Articles Posted in Health Care Fraud

Outrage over misuse of public funds is a healthy reaction to those who cheat taxpayers. It can also create interesting bedfellows, as newly-introduced legislation in the House demonstrates.

HR 3571, aimed at “de-funding ACORN,” would ban federal contracts and most federal funds to any organization that “has filed a fraudulent form with any Federal or State regulatory agency,” among other things. (Complete bill is below.)

As. Rep. Alan Grayson (D-FL) observed correctly, fraud by those who receive government funds involves much “bigger fish” than ACORN–and bigger dollar amounts of alleged fraud.

“We can’t have a situation where the laws of justice are applied to one organization and not to any of the others, particularly when there are organizations that are polluting water for our soldiers and electrocuting them.” Grayson presumably was referring to allegations that KBR’s performance of government contracts for our troops has caused soldiers to be electrocuted and otherwise endangered.

Rep. Grayson is on target. He saw these abuses as a lawyer vindicating the public’s interest in fighting fraud in pursuing qui tam whistleblower cases under the False Claims Act, the nation’s primary civil statute for combating fraud and false claims against the government.

On the other side of the aisle, Rep. Dan Issa (R-CA) appeared to agree with this principle–“abuse and fraud will not be tolerated,” as his spokeperson told ABC News.

Battling fraud against taxpayers can and should be a universal concern of both parties. Let’s see whether this bill is weakened by those who reap the most rewards from cheating the public. The full text of the proposed legislation is below:
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In one of two prominent whistleblower cases in the news this week, whistleblower John Kopchinski will be awarded more than $50 million for his role in exposing improper “off-label marketing” of the drug Bextra by Pfizer. Other whistleblowers also will be rewarded because of this settlement. That settlement of $2.3 billion is the largest in history ($1 billion to settle False Claims Act allegations, and $1.3 billion in criminal fine and forfeiture).

As large as the Pfizer settlement is, the other whistleblower’s actions seem likely to lead to recovery of dollars that could dwarf this $2.3 billion settlement. UBS whistleblower Bradley Birkenfeld has lifted the shroud of secrecy from thousands of American taxpayers’ offshore accounts at UBS. He has given the IRS a foothold into recovering potentially many billions in unpaid taxes owed.

Yet Birkenfeld was recently sentenced to serve 40 months in federal prison for conspiracy to defraud the United States in a tax fraud scheme while at UBS. His conviction also calls into question his ability to receive a reward under the IRS Whistleblower Program from the billions to be collected by the IRS.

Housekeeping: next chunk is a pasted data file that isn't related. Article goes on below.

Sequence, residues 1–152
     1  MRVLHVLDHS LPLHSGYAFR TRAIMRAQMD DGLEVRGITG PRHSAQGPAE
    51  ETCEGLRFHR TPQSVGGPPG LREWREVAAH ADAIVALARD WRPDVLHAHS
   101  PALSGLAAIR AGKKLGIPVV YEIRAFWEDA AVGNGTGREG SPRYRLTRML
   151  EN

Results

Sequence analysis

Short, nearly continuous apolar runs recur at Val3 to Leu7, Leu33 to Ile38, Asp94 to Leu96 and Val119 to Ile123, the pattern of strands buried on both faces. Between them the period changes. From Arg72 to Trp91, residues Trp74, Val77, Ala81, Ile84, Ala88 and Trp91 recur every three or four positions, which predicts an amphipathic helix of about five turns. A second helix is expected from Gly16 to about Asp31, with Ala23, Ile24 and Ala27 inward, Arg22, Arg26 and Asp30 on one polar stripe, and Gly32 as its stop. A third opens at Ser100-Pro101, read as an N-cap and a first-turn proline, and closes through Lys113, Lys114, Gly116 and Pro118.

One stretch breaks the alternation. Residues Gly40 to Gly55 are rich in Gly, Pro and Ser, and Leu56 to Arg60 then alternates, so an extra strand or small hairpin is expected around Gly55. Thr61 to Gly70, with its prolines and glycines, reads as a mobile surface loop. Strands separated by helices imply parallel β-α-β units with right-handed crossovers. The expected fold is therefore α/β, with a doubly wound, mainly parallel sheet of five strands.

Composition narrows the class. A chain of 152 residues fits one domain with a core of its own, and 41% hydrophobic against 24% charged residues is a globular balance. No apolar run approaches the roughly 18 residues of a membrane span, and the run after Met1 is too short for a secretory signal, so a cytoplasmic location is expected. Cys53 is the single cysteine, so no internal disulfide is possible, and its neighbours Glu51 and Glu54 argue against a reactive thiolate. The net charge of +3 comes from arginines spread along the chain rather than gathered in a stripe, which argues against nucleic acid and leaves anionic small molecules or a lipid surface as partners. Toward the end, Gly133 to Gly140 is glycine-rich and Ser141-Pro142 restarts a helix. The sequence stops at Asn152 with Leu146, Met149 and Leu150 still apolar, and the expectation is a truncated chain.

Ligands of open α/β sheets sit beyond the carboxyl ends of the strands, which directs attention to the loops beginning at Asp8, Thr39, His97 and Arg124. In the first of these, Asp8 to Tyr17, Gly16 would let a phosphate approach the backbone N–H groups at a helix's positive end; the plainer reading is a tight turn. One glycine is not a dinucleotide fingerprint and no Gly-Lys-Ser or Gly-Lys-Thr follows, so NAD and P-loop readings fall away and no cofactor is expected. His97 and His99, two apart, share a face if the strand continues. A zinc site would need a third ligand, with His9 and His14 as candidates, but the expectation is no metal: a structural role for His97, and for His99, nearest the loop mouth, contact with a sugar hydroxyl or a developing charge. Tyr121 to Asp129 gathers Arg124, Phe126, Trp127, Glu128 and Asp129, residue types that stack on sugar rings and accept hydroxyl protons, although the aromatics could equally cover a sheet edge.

How could this happen?

There are tried and true steps lawyers representing whistleblowers must take to protect their clients from the risk of prosecution. This was one of the topics of the “IRS Whistleblower Boot Camp” panel discussion that I led this past March, with panelists including IRS Whistleblower Office Director Steve Whitlock–how to protect the whistleblower who has potential criminal liability, but who has valuable information.

If adequate protection cannot be obtained, often the whistleblower with real criminal exposure should choose not to go forward. If the information is important enough to the government, however, protection for the whistleblower often can be negotiated, so long as the whistleblower is truthful and forthcoming. As former federal prosecutors who have also defended clients in white collar criminal prosecutions, we have represented many clients in obtaining this type of protection.
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Health care cases that our lawyers see most often involve whistleblowers who know of violations of the False Claims Act. While we also pursue many IRS violations under the IRS Whistleblower Program, the health care industry is not the source of most of those claims.

In perhaps a new trend, last week a federal court in Florida agreed with the IRS that a hospital CEO is personally liable for failing to pay over to the IRS close to $2 million in payroll taxes. (Doulgeris v. United States, M.D.Fla., August 03, 2009).

Earlier this year, the chairman of the board of a tax-exempt hospital was held personally liable for the hospital’s failing to collect and pay to the IRS payroll taxes, as the Fifth Circuit Court of Appeals affirmed that decision. (Verret v. United States, 5th Cir., 2009). The board chair, however, had extensive involvement in the operations of the entity.

Payroll tax fraud thus appears to remain an IRS priority. The reasoning of the Florida federal judge explains how the CEO was found personally liable for unpaid payroll taxes;
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At the 20th Annual Convention of NELA, the National Employment Lawyers Association, I recently had the pleasure of moderating a panel discussion of some of the country’s top “whistleblower” lawyers. The topic was “The Most Pressing Issues in Representing Whistleblowers.”

Joining me in this panel discussion were Richard Renner and David J. Marshall. Richard is an attorney with Kohn & Colapinto in Washington, DC. and also serves as Legal Director of the National Whistleblowers Center. David is a partner with Katz, Marshall & Banks, LLP in DC.

The discussion included:

Today was a monentous day for those who believe in integrity in how taxpayer funds are treated.

President Obama signed into law today the Fraud Enforcement and Recovery Act of 2009, which makes important amendments to the country’s most important tool for fighting fraud, the False Claims Act.

Also important today, the Obama administration announced an expansion of DOJ’s health-care strike forces, which are designed to combat fraud in Medicare and Medicaid programs. Attorney General Eric H. Holder Jr. and Health and Human Services Secretary Kathleen Sebelius announced the initiative.

Today is an historic day–the House of Representatives has passed the Fraud Enforcement and Recovery Act of 2009 by a vote of 367-59. The Act includes long-needed amendments to the nation’s primary anti-fraud law, the False Claims Act, about which we have written often.